A Student's Perspective on Science: Developing Knowledge Together


(Casper Hesp) #1

Hi everyone,
Below is a short speech I gave back in 2013 at the University of Groningen, shortly after I was elected student of the year among 25,000 undergraduate and graduate students. I described what inspired me to pursue my studies of the brain and the universe. Along the way, I ask: how do we develop our knowledge together, as scientists (and non-scientists) of different degrees?

I argued for a less hierarchical style of teaching, in which the teacher becomes at times equal to the student by treating also the topics that are still troublesome and mysterious. I realized that this perspective is also relevant to science communication in general. In the face of a complete mystery, the credentialed scientist understands as much as the lay audience members. Any thoughts and reflections on this perspective?

By the way, excuse me for my far-from-perfect English in the video. Let’s say it’s not my native language :slight_smile: .


(Mervin Bitikofer) #2

Thanks, Casper! That is quite the prestigious looking audience! No apologies needed on your 2nd language. Your speech sounded a lot better than I would be able to make in my 2nd (as yet mostly nonexistent) language!

Cool picture of the neurons / galactic networks! Were those really two actual photos that you juxtaposed? The two halves looked like they really did belong together!


(Casper Hesp) #3

Hi Merv, the audience contains about 200 professors of the University of Groningen, so that’s kind of prestigious I guess.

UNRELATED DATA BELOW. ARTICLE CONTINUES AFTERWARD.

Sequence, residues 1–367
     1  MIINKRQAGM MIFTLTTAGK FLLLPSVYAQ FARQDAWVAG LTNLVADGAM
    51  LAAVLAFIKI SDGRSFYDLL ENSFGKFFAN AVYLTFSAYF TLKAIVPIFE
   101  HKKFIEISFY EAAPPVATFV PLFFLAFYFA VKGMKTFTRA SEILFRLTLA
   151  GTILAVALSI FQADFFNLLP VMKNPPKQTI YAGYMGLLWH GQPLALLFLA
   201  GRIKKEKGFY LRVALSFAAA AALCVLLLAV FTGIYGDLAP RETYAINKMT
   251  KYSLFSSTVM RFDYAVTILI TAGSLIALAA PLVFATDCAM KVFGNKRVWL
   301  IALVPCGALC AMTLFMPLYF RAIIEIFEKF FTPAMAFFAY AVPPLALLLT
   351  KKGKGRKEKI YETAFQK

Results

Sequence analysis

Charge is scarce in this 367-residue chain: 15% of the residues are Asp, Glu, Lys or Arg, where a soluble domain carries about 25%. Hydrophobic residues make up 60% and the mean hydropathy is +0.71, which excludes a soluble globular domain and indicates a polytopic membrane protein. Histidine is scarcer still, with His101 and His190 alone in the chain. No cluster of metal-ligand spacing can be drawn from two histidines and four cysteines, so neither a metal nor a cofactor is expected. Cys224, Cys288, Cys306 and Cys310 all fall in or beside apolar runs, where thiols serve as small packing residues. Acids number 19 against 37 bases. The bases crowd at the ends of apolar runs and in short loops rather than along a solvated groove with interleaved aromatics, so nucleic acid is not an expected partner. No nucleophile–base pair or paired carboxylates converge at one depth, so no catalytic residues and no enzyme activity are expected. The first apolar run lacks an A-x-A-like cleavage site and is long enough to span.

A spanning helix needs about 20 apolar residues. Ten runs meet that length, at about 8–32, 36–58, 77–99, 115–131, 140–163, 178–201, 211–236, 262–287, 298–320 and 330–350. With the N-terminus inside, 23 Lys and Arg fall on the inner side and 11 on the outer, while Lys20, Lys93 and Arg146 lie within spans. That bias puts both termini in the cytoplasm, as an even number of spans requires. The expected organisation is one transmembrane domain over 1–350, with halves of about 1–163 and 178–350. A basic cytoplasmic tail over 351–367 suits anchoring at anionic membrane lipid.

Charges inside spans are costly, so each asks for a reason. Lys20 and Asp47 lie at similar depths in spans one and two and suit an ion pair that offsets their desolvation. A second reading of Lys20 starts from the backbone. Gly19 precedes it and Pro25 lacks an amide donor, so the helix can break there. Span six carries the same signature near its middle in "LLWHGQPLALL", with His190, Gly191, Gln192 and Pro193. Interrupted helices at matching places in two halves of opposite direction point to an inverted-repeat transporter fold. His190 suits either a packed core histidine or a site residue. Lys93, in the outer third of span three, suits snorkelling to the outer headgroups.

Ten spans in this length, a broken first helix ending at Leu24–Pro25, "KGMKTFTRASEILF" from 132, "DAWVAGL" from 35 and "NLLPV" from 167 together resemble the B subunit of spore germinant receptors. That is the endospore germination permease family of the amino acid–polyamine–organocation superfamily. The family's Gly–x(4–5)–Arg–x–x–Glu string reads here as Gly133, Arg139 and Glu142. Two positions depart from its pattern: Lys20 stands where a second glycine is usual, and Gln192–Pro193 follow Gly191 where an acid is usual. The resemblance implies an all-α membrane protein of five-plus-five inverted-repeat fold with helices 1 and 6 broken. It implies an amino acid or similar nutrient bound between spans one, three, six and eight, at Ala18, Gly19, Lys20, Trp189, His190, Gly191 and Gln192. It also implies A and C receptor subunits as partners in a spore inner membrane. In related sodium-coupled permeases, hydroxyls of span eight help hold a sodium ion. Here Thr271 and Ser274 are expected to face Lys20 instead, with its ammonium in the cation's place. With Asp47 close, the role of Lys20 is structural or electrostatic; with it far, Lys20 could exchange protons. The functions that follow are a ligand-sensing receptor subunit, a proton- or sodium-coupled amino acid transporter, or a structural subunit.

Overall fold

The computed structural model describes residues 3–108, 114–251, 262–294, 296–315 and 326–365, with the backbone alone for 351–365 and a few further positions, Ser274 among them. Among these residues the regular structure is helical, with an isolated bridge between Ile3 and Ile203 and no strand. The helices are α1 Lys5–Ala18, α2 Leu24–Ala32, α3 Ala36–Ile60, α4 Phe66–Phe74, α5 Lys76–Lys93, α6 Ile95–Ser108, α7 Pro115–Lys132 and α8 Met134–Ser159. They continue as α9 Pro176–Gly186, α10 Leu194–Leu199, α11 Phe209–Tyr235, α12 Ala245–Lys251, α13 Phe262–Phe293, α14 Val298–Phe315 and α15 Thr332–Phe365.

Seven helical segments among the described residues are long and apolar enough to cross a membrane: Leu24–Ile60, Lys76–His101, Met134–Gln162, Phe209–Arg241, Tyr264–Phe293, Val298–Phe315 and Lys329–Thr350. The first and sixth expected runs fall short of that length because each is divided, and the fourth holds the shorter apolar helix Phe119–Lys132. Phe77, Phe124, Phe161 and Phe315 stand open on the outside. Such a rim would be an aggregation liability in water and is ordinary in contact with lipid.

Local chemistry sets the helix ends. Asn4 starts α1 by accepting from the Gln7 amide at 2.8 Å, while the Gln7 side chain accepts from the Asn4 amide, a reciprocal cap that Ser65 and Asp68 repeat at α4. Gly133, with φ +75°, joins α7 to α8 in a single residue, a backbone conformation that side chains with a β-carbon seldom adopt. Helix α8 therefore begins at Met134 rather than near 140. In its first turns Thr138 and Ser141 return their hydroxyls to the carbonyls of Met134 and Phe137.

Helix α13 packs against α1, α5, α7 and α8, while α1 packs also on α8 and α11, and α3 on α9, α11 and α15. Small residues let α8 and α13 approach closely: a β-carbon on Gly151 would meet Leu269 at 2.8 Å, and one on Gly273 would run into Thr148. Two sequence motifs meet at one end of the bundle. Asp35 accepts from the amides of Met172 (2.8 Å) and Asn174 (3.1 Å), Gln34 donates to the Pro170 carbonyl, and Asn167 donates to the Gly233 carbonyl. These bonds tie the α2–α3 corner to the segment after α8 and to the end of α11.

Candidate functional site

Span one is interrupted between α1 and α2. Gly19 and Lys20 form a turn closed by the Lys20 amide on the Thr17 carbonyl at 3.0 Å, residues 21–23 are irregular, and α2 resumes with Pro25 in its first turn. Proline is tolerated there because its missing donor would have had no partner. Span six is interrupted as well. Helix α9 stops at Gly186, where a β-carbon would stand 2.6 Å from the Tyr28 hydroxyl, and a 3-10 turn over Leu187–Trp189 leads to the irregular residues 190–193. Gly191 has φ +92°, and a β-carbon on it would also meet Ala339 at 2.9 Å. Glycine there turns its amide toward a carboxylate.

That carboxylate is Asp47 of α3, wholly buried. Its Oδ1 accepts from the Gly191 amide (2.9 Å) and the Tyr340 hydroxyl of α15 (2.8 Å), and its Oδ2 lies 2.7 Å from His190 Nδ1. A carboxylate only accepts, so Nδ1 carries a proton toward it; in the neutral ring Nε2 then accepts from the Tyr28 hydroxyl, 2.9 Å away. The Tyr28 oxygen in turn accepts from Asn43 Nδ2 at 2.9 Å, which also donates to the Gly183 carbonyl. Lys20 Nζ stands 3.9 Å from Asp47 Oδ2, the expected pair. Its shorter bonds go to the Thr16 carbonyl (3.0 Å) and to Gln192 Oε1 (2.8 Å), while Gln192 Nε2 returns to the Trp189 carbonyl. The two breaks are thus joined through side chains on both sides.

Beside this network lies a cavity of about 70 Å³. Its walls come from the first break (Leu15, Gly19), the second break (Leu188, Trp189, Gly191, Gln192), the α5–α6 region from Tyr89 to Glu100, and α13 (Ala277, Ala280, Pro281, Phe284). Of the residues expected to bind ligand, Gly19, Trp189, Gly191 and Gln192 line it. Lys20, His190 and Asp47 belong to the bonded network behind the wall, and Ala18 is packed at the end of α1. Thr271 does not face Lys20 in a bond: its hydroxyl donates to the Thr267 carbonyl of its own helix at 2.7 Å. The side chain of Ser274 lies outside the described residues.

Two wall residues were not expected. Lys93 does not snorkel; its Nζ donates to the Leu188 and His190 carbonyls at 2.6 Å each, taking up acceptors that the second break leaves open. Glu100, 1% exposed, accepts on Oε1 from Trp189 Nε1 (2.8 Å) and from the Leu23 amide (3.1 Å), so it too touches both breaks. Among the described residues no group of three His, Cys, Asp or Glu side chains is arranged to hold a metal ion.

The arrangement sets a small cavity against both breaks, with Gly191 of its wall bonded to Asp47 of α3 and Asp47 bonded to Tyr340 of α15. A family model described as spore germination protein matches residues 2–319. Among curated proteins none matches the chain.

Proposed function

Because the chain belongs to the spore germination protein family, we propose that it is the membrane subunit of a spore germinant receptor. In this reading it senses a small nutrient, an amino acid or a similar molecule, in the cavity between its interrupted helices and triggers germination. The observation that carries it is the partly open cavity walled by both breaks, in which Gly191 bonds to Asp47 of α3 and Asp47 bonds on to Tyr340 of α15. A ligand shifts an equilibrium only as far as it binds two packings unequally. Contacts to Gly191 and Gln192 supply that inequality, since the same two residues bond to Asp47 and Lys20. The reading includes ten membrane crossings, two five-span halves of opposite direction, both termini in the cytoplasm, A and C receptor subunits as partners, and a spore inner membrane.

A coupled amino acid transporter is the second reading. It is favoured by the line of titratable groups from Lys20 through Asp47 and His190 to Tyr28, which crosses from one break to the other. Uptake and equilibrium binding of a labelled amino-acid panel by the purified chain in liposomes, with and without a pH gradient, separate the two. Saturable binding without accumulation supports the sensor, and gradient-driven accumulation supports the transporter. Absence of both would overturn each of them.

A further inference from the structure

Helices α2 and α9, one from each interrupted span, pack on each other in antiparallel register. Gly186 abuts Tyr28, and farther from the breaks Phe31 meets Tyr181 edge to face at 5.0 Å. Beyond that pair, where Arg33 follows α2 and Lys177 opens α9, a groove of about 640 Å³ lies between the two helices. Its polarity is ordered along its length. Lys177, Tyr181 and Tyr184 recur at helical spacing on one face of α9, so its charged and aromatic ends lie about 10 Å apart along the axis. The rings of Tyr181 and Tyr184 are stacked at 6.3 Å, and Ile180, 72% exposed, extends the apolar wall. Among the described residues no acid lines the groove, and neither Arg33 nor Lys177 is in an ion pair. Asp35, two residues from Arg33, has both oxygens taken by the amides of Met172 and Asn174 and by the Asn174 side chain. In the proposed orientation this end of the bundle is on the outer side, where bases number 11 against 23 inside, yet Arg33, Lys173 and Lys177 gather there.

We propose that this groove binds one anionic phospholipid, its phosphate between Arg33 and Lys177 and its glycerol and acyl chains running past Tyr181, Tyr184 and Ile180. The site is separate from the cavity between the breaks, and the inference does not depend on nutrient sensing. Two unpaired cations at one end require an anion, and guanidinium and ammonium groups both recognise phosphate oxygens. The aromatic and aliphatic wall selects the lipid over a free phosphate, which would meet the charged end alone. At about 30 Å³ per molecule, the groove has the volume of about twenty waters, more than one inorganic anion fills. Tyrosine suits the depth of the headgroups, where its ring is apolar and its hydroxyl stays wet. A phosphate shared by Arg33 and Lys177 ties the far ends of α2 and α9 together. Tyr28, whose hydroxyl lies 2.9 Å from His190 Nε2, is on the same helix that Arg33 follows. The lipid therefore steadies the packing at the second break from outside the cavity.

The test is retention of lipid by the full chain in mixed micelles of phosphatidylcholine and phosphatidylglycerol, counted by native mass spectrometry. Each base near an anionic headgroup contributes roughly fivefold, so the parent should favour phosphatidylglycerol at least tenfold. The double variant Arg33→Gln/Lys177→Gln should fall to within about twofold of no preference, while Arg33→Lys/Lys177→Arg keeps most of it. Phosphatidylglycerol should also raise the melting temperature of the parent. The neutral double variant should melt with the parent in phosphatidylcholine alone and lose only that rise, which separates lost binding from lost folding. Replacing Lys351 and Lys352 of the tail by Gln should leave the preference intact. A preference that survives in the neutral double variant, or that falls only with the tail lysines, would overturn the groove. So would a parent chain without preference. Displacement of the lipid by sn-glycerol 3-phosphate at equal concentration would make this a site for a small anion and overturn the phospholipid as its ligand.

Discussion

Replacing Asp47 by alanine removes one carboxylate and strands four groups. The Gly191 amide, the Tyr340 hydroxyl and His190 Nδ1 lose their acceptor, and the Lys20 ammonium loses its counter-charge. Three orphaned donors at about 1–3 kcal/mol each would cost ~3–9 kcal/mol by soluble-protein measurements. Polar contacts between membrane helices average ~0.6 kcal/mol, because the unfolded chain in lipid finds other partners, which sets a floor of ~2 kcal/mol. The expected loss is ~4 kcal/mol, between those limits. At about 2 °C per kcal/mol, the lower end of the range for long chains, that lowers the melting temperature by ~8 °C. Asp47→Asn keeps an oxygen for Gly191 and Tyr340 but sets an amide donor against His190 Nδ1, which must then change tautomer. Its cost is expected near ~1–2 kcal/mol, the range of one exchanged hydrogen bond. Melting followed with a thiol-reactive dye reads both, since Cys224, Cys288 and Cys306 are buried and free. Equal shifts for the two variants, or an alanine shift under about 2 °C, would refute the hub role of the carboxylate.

Well… The picture of the galactic web was the outcome of a “real” cosmological simulation. And the neuronal web was an artist’s impression based on the morphology of real neurons. So those almost count as two actual photos! :wink:


(Phil) #4

Enjoyed the talk, and while you addressed teachers in science, it strikes me that the same approach is important when we teach Bible also.
The attitude you advocate for a teacher of the poorly understood topics could be described as one of humility, and reminds me of a recent series of blogs by RJS on Musings on Sciene and Theology and echoed on Scot McKnight’s blog Jesus Creed. https://musingsonscience.wordpress.com/2016/09/29/cultivate-humility/

In it, RJS states “Humility brings wisdom and comes from wisdom when it is an intellectual humility, a humility that realizes that we are finite in our understanding. In the context of science, or theology for that matter, intellectual humility is the realization that one almost certainly has some misconceptions and wrong ideas and should be open-minded enough to accept input and consider new ideas.”

It seems to be something good to have and to cultivate.


(Casper Hesp) #5

Thanks for your thoughts and the link, James. I guess this intellectual humility that you speak of is sort of the arch nemesis of “Answers in Genesis”, which purports to possess answers instead of questions… It reminds me of a testimony that was posted on BioLogos some time ago, of someone who used to be an “answers addict” because of young-earth apologetics.

Teachers of any kind should not produce such answer addicts, they should produce “question addicts” instead :slight_smile: .


(Mervin Bitikofer) #6

I would be careful on that one … such dogmatic attachment to questions vs. answers (as if those two concepts were somehow opposed) may be just another dogmatic answer all dressed up in ‘seeker’ garb. One may rightly reject many easily given answers these days, but if one begins to become jaded about any and every answer proposed, then they are in danger of rejecting the very thing they want to encourage: seeking. After all you can’t very well be truly seeking something if you have already decided in advance that you will never find it.